Steven B. Abramson, executive vice-dean of medical school, said the university asked about 122 students who are expected to graduate this year if they would be ready to begin their internship at New York hospitals in April instead of waiting until July.
On Wednesday afternoon, 69 students volunteered to graduate, said Abramson.
“It is impressive and speaks volumes about our students and their dedication to caring for the sick and being part of a team of doctors who care for these patients,” he said.
“Knowing that we are waiting to graduate and join the workforce, that we have the skill set that seems necessary and valuable at the moment, it has been so easy to reach my co-residents, our interns” said an old student.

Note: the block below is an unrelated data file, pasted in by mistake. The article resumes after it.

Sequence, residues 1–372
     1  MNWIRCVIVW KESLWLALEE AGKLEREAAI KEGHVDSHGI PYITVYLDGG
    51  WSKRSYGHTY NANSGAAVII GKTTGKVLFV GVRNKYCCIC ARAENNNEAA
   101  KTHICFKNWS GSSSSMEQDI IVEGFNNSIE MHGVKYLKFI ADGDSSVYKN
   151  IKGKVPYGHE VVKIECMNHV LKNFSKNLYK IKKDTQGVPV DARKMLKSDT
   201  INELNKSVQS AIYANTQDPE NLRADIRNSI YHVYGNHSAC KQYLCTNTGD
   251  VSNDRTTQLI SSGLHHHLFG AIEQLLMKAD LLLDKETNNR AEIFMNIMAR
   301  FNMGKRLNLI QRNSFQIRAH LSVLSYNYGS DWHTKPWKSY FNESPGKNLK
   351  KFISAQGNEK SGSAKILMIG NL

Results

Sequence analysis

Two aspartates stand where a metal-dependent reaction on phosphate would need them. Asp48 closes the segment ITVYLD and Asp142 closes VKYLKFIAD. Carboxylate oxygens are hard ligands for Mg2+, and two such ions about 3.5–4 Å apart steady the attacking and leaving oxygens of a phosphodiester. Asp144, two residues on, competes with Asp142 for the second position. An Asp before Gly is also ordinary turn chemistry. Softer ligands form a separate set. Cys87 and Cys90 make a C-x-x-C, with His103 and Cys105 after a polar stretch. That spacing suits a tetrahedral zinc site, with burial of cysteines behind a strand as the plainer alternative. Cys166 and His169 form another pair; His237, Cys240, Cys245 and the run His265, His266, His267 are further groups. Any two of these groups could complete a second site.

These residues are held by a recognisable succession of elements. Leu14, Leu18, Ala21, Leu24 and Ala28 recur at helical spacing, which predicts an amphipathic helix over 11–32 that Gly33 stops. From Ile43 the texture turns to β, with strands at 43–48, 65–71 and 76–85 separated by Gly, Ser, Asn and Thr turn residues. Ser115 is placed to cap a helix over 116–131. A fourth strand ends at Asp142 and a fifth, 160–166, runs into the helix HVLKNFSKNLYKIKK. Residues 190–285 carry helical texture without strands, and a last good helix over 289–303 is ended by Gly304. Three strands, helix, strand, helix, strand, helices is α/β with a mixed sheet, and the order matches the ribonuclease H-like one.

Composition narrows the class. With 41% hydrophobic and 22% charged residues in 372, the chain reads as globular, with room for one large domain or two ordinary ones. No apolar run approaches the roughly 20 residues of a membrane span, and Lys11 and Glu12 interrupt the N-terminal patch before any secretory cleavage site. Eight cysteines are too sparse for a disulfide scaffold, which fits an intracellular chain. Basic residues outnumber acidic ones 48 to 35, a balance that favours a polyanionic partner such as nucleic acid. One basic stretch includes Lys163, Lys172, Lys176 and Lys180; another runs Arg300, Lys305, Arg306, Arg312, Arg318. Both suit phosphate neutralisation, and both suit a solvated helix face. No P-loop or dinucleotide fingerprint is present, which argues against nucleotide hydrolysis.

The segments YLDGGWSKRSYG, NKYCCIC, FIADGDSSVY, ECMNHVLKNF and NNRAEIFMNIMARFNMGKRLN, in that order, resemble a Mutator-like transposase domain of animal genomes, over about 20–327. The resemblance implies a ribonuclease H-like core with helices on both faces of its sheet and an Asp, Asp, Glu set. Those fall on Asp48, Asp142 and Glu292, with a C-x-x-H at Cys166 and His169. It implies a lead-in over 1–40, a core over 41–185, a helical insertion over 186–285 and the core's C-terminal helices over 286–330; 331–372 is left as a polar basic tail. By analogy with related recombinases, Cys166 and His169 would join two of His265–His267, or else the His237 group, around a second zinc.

The school is now awaiting final approval from the New York State Department of Education, the Middle East States Commission on Higher Education, and the Medical Education Liaison Committee.
If the NYU plan is approved, students will be placed in internal medicine programs or emergency rooms at NYU-affiliated hospitals in the area.
Students will be part of a team and “will never be asked to do anything that is above their skill level,” said Abramson.
More than 30,000 cases have been confirmed in New York, and the majority of the state’s cases are in New York. Plans are underway to build emergency hospitals and thousands of doctors and nurses, retired or no longer seeing patients, have signed up to help.